One of the harder tasks a scholar of Dutch art can face is to write a relatively short, concise book about Rembrandt’s life and art. And over the last twenty years ago it has got ever more difficult in view of the increasing amount published about the artist. But there is at least one bonus arising from a strict limit of space. One can ignore the nonsense, and concentrate solely on what you yourself, strengthened by the good research of others, think about the artist. Which is precisely what Mariët Westermann sensibly does. Moreover, however many Rembrandt courses it has been her lot to teach, there is an engaging freshness in her approach to the subject. She is very well-informed about the general culture of the period and up-to-date in her scholarship about the artist. The coverage of all the very different threads that make up the artist’s life and practice is very well balanced, and there is hardly anything of importance not touched upon.
In accordance with one of the aims of the series, the author gives good coverage to the intellectual background, especially relating to his sitters and patrons. But, although rightly stressing Rembrandt’s sound knowledge of classical literature and learning, as well as such literary theories as aemulatio, she does not attempt to intellectualize him; she keeps him in the studio, rather than, as it were, making him an honorary member of the Warburg Institute. (That is an honor better left to Rubens.)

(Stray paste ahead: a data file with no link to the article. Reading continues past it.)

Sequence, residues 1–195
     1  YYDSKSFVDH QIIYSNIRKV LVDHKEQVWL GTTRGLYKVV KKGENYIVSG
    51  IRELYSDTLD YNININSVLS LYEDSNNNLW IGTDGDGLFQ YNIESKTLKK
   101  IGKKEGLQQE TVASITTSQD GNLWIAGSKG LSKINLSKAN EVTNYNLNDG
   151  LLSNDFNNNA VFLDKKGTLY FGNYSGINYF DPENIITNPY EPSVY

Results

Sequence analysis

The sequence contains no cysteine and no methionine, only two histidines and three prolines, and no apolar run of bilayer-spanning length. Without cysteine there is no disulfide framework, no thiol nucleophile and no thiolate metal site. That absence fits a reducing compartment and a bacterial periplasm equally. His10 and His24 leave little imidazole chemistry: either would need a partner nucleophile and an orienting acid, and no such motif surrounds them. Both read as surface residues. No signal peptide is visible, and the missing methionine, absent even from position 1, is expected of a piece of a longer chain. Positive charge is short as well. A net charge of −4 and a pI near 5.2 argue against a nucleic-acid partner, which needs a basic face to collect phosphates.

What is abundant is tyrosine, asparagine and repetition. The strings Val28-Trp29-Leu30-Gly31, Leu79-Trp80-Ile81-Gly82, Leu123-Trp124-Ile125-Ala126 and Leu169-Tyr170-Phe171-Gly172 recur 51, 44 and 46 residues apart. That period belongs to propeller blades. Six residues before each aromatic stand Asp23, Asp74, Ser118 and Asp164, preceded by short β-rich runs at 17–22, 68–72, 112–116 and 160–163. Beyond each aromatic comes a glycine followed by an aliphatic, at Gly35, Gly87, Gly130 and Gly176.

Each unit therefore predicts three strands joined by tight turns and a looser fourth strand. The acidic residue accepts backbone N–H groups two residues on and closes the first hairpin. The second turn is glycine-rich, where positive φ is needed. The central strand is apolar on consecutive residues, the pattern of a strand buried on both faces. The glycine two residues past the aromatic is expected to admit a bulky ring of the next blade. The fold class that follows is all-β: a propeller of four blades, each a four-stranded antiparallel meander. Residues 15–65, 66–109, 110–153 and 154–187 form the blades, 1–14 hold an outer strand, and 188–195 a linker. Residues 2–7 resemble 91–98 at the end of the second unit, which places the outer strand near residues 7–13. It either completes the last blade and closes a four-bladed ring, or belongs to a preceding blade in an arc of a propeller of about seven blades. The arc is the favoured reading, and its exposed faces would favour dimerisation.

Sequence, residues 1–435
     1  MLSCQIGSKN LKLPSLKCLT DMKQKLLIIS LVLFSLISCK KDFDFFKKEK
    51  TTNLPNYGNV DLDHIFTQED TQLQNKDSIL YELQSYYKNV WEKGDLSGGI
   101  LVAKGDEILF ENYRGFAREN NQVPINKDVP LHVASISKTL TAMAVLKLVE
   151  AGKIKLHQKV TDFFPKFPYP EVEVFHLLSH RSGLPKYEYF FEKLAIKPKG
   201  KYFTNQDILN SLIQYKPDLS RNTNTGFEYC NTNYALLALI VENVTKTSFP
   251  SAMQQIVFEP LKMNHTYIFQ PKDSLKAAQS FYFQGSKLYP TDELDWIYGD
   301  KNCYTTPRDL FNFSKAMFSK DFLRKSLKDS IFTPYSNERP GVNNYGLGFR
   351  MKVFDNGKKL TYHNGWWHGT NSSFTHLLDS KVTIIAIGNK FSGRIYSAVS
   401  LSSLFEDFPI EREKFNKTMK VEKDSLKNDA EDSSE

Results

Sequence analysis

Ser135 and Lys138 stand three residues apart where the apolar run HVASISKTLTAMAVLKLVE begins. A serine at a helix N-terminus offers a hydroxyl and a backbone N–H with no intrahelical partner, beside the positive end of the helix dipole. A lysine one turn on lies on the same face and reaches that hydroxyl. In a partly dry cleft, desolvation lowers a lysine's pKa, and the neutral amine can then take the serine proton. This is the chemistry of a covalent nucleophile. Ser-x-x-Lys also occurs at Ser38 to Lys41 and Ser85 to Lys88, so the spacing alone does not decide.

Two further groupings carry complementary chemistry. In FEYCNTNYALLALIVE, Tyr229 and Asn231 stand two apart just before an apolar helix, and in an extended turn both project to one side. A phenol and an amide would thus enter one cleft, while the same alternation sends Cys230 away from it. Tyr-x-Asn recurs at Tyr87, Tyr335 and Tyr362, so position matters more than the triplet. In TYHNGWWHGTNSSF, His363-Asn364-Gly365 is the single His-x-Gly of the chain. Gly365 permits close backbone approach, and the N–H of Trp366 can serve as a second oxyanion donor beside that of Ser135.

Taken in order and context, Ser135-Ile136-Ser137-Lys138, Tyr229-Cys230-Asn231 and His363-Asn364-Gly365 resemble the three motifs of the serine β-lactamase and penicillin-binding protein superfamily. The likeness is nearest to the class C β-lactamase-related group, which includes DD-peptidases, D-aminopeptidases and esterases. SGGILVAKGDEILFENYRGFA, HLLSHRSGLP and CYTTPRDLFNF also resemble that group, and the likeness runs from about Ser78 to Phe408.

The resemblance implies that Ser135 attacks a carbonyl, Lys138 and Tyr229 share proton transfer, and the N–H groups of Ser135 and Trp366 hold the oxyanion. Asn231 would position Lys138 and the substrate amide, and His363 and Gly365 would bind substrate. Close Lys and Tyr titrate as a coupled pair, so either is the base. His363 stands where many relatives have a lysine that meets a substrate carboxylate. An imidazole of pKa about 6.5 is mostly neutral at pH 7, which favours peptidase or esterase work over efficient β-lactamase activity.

Too often in general books on Rembrandt his etchings get short-shrift and are treated as if they were no more than a Sunday exercise. Commendably Westermann, recognizing that they are central to his activity, as well as a major source of his fame, devotes a perceptive chapter to them. Among other aspects discussed, she offers a clear evaluation of Rembrandt’s technical mastery of the medium, in the same way as she has done earlier in the book for the artist’s handling of oil paint.
I keep resolving to avoid use of that vile political buzzword, accessible, but that undeniably is what this book is, in the best possible sense. As a rounded and well-informed short monograph on Rembrandt and his ambience, the book will appeal to a wide range of reader, whether student, scholar in another field or art-orientated layman. And it is not excluded that a Rembrandt specialist might learn a thing or two. I did.